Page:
January 21, 2011

Emory Profile

Sheilah Conner: 5 deans, 46 years

Sheilah Conner, assistant to the dean at Emory Oxford College.

The call came just after her high school graduation. Oxford College was looking for an outstanding person to join the office of the registrar working with the director of admissions, Dallas Tarkenton (father of Georgia football great Fran Tarkenton). So local Newton County High School was contacted: Was there a graduate who had concentrated in business education whom they could suggest for the position? The student they recommended was Sheilah Graham. More than 45 years later, she is now Sheilah Conner, and she is still with Oxford College. 

Although she began with the office of the registrar, Conner’s talents were quickly recognized, and she was promoted into the position with which she has become synonymous -- assistant to the dean. Five of them. Dean Bond Fleming tapped her for the role in 1968, and she has remained as the calm and able right-hand person as four more made their transition into the deanship: William Moncrief, William Murdy, Dana Greene and Stephen Bowen. 


Along the way she has had transitions herself.

"When I arrived," says Conner, "there were only five secretaries, as we called them then: one for the dean, one for the associate dean, two for the registrar/admissions office and a cashier."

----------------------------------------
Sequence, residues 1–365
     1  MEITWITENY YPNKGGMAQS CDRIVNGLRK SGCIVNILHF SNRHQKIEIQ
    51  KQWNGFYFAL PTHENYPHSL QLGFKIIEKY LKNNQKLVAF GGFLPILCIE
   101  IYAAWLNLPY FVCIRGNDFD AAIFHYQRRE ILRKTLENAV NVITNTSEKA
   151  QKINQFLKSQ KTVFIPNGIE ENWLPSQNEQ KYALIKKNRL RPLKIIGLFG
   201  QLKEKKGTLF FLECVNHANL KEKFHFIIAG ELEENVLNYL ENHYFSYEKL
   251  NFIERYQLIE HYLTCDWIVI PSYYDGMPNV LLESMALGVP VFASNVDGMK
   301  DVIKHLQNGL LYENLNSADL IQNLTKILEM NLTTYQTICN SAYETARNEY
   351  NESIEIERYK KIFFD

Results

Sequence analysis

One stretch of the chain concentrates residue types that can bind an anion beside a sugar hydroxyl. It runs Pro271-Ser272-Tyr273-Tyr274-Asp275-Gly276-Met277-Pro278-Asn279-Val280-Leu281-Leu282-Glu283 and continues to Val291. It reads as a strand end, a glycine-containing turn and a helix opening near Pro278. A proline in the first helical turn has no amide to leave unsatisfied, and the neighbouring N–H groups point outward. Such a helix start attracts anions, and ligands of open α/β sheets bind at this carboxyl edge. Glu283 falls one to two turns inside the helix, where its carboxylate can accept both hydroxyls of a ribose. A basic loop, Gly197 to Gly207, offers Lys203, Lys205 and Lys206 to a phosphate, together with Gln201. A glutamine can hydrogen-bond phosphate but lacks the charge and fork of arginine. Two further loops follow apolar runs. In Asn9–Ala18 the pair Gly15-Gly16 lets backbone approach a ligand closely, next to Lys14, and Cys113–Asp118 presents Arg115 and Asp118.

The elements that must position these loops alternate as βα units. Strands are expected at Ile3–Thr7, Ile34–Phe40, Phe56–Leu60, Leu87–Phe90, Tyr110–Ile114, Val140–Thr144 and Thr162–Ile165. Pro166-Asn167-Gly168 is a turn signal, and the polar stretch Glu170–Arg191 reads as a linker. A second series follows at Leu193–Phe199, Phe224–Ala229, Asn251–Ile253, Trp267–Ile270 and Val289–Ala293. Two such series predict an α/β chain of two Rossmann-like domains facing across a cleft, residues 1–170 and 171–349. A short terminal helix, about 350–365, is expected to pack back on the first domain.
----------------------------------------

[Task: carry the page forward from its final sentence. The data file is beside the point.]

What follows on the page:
There were no secretaries to serve the faculty. Phones in the administrative offices had two lines, one local and one to Atlanta (which was a long-distance call at the time). Documents were produced on typewriters; copies for testing were made on mimeograph machines. Office supplies were purchased in the bookstore, and the business manager would often buy supplies at a local Army surplus store. Total enrollment was about 400, and most students were from Georgia or Florida.

A 21st century environment

Today Conner looks out her window in Seney Hall at an Oxford College that enjoys a widely diverse student population of 900 and a totally wired-in, electronic and digital environment for learning and work.

She has made these changes seemingly effortlessly and with her signature grace and good humor.  She has become Oxford's go-to person and institutional memory. So often when a question of history or protocol arises, the answer is, "Ask Sheilah."

She describes part of her job as being "traffic manager," including balancing the dean’s schedule, coordinating communication between Oxford and the Atlanta campus and overseeing most of Oxford's official functions.

"I don't know how any dean would do this job without Sheilah," says Bowen. "In addition to her invaluable knowledge of the College and its history, she very efficiently anticipates and takes care of the myriad details involved in nearly every process or event." 


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